I certainly believe, as a legal matter, that how expenses were submitted and approved for other Miami officials is relevant (but not dispositive) to whether or not the City Attorney followed an established pattern and practice within the City for expenses for his own office. But as a political matter, given that the City Attorney is hired and fired by those he just subpoenaed, it's hard to say if this is a smart career move.
The lengthy request, filed by Fernandez's defense attorney, Barry Wax, asks for, among other things:
``All expense reports, expense affidavits, memorandums, receipts, vouchers and other documents submitted by all City of Miami Commissioners to the Finance Department for reimbursement of expenses paid to them by the City of Miami from 1998 to the present, and all memorandums, correspondence or e-mails approving or denying reimbursements.''
Fernandez is hired and fired by the City Commission. So how did this records request go over with his bosses?
''I think it's unfortunate that somebody would try to obtain leverage over elected officials when they're being investigated themselves,'' said Commissioner Marc Sarnoff. ``I was very disappointed to see that.''
Sarnoff said his office has nothing to hide. But he adds: 'It's not a valid criminal defense to say `Others do it, so why shouldn't I?' ''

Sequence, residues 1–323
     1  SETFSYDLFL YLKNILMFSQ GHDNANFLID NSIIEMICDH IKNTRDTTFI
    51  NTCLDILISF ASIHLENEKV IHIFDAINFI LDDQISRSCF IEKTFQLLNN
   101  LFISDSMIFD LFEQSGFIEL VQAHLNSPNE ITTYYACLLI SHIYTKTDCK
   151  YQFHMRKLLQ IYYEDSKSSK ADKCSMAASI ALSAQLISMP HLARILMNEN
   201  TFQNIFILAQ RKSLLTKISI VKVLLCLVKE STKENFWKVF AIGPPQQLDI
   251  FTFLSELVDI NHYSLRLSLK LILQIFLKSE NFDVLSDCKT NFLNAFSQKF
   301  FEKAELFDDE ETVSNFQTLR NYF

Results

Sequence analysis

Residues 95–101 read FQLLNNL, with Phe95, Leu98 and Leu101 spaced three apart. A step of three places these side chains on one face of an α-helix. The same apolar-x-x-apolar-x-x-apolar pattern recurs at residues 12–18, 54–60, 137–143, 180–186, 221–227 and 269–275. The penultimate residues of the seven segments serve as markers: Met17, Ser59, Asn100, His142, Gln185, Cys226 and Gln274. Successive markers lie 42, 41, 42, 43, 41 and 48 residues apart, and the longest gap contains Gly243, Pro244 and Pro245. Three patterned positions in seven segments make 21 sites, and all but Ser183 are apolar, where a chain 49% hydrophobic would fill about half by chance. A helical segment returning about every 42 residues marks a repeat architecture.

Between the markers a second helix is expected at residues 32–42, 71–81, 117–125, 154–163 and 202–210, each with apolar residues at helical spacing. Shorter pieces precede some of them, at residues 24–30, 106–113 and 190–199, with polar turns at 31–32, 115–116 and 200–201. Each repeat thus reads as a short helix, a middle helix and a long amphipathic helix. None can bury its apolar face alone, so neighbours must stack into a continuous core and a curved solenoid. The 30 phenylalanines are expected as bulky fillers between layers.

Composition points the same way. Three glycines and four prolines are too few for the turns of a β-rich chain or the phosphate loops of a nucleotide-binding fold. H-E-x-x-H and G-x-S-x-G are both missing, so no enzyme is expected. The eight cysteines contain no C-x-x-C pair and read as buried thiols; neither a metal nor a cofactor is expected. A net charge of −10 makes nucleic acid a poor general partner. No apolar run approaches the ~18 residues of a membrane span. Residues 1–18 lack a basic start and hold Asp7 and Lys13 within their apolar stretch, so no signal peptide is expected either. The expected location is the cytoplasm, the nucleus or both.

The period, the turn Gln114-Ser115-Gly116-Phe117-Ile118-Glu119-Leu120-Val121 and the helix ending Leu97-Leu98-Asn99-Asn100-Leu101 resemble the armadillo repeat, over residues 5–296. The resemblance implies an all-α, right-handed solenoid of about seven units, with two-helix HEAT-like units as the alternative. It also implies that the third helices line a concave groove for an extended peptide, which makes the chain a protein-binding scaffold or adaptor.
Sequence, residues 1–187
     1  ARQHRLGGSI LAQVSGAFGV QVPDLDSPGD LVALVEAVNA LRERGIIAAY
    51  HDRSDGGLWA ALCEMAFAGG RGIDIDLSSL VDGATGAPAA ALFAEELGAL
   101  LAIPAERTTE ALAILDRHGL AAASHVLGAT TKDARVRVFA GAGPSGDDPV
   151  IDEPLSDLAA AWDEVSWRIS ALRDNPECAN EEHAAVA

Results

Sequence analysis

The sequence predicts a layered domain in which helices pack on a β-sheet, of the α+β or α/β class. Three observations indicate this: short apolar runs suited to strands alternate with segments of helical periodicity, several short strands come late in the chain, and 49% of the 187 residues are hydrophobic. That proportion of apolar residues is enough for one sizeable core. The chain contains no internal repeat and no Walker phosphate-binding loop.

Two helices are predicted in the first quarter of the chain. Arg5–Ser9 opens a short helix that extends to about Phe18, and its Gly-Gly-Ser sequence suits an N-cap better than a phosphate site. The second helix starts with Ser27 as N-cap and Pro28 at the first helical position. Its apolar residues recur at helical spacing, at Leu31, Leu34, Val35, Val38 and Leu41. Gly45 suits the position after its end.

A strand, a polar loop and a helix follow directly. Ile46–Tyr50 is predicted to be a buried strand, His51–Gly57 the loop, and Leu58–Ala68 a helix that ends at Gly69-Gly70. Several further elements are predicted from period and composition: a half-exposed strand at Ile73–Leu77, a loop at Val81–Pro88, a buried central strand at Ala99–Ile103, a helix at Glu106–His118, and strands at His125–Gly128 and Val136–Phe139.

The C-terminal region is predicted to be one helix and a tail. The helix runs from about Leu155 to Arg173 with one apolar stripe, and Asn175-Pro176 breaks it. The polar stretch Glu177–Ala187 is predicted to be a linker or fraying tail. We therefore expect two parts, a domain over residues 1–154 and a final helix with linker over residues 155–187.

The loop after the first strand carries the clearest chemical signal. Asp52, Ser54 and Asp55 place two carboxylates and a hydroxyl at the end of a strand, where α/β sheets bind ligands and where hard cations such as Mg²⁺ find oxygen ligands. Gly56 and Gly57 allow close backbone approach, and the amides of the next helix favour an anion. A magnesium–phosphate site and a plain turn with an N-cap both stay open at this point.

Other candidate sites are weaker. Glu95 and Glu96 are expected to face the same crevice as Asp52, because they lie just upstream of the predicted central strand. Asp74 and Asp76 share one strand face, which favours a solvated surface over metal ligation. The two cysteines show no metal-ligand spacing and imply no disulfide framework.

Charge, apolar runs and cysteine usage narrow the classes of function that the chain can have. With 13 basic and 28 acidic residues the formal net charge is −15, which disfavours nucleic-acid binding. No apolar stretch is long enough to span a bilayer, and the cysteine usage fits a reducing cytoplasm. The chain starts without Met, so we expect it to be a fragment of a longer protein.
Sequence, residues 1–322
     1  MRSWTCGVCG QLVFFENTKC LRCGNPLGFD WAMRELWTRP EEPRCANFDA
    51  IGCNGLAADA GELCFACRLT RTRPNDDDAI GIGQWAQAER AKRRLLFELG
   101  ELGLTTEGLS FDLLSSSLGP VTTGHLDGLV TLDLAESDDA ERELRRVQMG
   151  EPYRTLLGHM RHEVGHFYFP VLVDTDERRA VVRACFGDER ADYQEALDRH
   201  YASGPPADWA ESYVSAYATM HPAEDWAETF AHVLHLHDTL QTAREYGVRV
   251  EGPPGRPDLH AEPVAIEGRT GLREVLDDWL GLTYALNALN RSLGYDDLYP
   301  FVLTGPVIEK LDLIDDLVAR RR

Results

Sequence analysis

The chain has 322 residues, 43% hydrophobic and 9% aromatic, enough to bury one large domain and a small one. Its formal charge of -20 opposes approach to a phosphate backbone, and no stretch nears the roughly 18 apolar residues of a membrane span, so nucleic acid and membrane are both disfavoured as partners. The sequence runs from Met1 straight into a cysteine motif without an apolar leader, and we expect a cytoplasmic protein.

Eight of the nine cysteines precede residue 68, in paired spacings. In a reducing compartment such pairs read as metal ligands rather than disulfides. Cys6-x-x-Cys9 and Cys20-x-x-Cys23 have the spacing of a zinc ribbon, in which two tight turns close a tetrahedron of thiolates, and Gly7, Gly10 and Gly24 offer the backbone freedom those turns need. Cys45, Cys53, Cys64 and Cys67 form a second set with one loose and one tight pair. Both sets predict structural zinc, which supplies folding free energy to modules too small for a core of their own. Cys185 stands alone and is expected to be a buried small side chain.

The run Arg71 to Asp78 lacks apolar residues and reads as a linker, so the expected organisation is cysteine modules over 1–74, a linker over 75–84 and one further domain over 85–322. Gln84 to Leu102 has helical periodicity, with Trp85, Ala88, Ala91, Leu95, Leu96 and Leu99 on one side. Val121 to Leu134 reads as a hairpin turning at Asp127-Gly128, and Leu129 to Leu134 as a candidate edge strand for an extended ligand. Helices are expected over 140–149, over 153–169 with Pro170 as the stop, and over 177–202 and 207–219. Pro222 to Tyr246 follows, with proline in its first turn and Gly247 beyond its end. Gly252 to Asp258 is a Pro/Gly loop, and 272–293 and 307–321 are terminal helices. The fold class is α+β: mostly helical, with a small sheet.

City Commissioner Tomás Regalado, too, said there wouldn't be any questionable spending records uncovered from his office. ''I have never traveled with city money, and never requested any reimbursement from the city, so from me, he won't get anything,'' Regalado said.
No one has accused Fernandez of a crime. Yet as the city attorney braces for the possibility of charges, his lawyer said he's doing what any defense advocate would do.
''I'm analyzing every possibility in order to effectively represent my client,'' he said, ``so as to bring to bear appropriate information which will persuade the State Attorney's office that there has been no criminal intent.''
All I know is I would trust '85 UM grad Barry M. Wax's judgment on this issue way before I would that of the current City Attorney.